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Story of O
O for orifice, O for origin, O for objectification

POLIPply >10 – VOICINGS - 4th may 2011
Christian Bók, Frances Kruk, dan scott, Emmanuelle waeckerle, Lydia White

An exercise in storytelling and a personal reading of the famous novel Story of O published in 1954. Known for forty years as Pauline Réage, the author chose at 86, four years before she died, to reveal herself as Dominique Aury, a mild-mannered liberated spinster and literary editor for Gallimard, France’s most prestigious publishing house.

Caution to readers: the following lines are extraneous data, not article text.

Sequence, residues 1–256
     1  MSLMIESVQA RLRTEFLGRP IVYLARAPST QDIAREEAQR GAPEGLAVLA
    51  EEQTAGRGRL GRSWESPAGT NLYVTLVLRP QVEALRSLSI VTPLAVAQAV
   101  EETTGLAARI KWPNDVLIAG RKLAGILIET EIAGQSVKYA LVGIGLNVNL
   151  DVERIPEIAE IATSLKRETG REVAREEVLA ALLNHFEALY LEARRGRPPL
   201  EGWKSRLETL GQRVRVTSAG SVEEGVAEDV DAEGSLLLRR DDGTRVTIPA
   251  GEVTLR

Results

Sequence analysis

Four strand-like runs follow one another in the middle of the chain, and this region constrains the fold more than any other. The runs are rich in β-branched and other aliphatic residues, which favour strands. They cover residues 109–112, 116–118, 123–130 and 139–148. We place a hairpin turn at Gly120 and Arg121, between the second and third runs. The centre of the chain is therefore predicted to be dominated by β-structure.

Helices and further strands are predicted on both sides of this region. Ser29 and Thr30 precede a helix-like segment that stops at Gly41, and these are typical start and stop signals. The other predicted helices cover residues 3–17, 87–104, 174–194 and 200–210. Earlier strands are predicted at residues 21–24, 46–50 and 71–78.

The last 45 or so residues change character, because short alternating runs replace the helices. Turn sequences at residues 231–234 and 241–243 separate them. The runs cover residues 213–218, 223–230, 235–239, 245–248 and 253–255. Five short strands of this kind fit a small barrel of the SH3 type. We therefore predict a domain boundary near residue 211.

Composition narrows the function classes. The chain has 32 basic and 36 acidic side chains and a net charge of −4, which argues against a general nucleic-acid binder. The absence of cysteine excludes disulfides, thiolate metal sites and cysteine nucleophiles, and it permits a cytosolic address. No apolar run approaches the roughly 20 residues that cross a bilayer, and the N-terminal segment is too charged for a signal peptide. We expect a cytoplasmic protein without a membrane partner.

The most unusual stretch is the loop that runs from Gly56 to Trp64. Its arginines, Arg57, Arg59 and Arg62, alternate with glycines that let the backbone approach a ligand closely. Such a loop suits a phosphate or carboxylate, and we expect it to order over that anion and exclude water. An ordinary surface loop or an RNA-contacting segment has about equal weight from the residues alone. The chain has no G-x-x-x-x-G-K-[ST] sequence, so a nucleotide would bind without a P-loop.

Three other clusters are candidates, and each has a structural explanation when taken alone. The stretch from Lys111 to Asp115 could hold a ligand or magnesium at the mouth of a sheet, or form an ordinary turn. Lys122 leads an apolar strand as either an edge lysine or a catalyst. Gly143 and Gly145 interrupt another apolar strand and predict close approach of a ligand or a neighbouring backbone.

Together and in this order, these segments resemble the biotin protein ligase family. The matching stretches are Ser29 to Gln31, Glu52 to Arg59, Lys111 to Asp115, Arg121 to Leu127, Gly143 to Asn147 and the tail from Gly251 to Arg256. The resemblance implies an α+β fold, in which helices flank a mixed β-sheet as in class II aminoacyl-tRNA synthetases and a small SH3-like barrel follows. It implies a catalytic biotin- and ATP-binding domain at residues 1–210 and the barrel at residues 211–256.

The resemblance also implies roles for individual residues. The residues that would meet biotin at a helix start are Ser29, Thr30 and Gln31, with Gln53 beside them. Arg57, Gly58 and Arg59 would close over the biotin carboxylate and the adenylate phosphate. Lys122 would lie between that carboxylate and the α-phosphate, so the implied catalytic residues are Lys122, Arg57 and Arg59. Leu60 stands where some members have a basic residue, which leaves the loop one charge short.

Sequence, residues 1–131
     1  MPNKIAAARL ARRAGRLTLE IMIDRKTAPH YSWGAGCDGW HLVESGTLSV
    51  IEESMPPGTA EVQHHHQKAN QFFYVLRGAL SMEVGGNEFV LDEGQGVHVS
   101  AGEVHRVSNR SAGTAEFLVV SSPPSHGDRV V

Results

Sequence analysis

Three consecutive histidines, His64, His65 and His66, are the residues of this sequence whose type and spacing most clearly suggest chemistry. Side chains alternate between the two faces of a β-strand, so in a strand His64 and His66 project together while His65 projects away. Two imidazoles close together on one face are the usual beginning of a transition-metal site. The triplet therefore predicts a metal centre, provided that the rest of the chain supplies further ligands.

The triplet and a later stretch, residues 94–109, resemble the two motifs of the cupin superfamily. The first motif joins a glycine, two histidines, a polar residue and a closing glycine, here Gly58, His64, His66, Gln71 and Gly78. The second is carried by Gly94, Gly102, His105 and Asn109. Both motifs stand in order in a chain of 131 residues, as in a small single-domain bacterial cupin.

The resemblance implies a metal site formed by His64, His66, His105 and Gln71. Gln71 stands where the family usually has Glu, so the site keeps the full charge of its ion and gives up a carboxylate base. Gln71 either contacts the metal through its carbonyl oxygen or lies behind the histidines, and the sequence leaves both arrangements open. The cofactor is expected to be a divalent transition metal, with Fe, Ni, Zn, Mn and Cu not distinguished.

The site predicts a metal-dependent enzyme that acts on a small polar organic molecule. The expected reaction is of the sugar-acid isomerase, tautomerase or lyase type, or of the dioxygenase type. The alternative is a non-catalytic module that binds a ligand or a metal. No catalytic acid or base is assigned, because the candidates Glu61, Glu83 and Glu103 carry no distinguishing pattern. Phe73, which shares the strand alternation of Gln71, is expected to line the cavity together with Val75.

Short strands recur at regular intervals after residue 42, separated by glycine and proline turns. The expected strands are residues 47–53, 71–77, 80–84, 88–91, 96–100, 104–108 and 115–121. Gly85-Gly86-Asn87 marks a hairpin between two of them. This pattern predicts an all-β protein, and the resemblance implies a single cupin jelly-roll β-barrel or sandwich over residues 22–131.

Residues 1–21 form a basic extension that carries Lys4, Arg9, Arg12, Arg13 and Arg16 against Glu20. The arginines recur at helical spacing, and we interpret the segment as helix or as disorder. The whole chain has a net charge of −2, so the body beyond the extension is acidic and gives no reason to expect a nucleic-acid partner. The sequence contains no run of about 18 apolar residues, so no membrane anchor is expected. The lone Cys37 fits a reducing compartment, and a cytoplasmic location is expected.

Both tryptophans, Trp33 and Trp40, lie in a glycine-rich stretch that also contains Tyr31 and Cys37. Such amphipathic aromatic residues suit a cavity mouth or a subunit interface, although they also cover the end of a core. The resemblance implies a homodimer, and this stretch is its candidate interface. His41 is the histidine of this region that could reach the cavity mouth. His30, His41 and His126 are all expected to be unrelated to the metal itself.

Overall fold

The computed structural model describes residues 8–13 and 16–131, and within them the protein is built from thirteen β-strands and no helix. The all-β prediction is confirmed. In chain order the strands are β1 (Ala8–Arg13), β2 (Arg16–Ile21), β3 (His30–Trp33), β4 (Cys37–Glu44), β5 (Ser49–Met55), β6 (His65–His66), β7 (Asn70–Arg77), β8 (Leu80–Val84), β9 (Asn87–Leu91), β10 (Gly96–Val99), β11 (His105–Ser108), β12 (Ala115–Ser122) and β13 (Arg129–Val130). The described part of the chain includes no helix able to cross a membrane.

The reading is of a prepared text, rewritten as a more accurate interpretation of the title; story of O, preceded by a preface revealing a rather personal connection to the story.
For this first reading of 28 mins, I reached page 5. I will carry on from this point forward for the next reading and so on until I reach the last word.

“To a greater or lesser extent, everyone depends on stories, on novels, to discover the manifold truth of life. Only such stories, read sometimes in a trance, have the power to confront a person with his fate. This is why we must keep passionately striving after what constitutes a story.”
George Bataille. Blue of Noon appendix: The author’s foreword (1957)

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